Read in First Things about what has happened to Nova Classical Academy, a K–12 charter school in St. Paul, Minnesota. While you might expect the school to be the envy of others and the dream of most most parents seeking a first-rate education for their children, it is becoming a nightmare. What was founded in 2003 to focus on a classical curriculum of grammar, logic, and rhetoric has now taken up the cause of children (even small children) who are "gender nonconforming" -- whose identities, appearances, behaviors, or interests do not fit traditional societal expectations associated with their sex assigned at birth. It is important to note that this expression of gender is ever-changing as students are constantly exploring many different aspects of their identity.
Nova would now include in the curriculum for K–5 students lessons “about the beauty of being themselves.” All K–5 students must read a book called My Princess Boy,
“which tells the story of a boy who expresses his true self by dressing
up and enjoying traditional girl things.” Thus a highly successful classical academy has become the hotbed of controversy in the "Twilight Zone of transgender politics."
How did it all happen? The principal responded to pressure [threat] from a family new to Nova, Dave and
Hannah Edwards, who requested “accommodations” for their
five-year-old kindergarten son, who described himself, they said, as “a
boy who likes girl things.” Dad Dave Edwards is a PhD candidate in
educational psychology at the University of Minnesota, where his
research just happens to focus on -- you guessed it -- “the creation and implementation of gender inclusive
policies and practices in K–12 public schools,” according to his website, genderinclusiveschools.org.
The Edwards and their child have become a cause celebre -- suddenly the whole school has become a hotbed of controversy since the school has shifted from its focus wherein “parents are the primary educators of their children” and the school calls students to “a virtuous life of duty and
ideals” to becoming an incubator of social experimentation and change.
How to deal with gender dysphoria is a crap shoot. The whole thing was largely unknown 50 years ago. Now it has become a cornerstone of pop psychology that a human being can change his or her sex, that this is "normal," and that the job of the school, government, society, and cultural institutions is to encourage and foster such changes in gender identity -- no matter how early they seem to appear in childhood. The problem is that there is no uniform idea among the avant garde on what should be done -- hormonal treatments to prevent puberty are one extreme and the other simply allows the child a judgment free atmosphere in which to experiment. According to experts, transgendered men do not become women, nor do transgendered women become men. Nevertheless, in the space of a few short years, the government, all its institutions, and even the schools are now in the vanguard of the transgender crusade before the whole issue has settled science behind it.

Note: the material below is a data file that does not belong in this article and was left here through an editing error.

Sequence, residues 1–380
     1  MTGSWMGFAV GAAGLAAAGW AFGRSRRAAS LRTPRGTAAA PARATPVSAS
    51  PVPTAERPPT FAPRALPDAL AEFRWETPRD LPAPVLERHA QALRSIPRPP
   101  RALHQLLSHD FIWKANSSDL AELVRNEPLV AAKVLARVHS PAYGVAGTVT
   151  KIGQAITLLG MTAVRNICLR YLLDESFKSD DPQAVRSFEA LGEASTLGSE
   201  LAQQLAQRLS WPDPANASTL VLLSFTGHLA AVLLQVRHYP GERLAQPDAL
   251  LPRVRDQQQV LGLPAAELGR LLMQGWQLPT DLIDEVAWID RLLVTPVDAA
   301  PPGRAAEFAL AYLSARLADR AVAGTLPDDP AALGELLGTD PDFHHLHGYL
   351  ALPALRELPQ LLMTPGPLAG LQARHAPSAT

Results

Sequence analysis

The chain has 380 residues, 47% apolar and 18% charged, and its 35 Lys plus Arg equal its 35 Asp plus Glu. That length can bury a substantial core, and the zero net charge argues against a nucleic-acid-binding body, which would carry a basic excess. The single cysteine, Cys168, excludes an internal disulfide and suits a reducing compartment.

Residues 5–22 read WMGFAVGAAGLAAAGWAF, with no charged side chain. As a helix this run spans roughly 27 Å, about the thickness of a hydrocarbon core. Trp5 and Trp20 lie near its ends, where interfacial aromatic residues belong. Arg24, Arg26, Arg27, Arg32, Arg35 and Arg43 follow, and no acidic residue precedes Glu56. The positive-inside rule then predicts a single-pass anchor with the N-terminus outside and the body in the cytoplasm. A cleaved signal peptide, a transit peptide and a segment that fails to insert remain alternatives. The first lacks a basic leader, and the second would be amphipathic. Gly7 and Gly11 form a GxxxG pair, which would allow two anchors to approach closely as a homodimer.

If you wonder what Lutheran colleges and universities, parochial schools, and social service agencies are up against, take a field trip to Minnesota and talk to the once thriving Nova Classical Academy parents and faculty. Do not be confused about the threat. We live in an age when social experimentation has become the goal and purpose of every institution -- even religious. Remember that Hillary Clinton insisted that no freedom of religion should be allowed to stand in the way of the rights that belong to GLBTQ and those in the midst of gender confusion.
For a long time we have burdened our teachers and our schools with social engineering that belongs not in the school but in the home. A broken home cannot be fixed by a therapeutic school. In the meantime, our children fall further and further behind in the basic education that is supposed to be the primary responsibility of the school. Social engineering is the legacy of the last President and it was the hope of one of the candidates for President. I am not sure where Trump stands on all of this. But it is a burning issue for our communities and for our churches for now and it will be for a long time.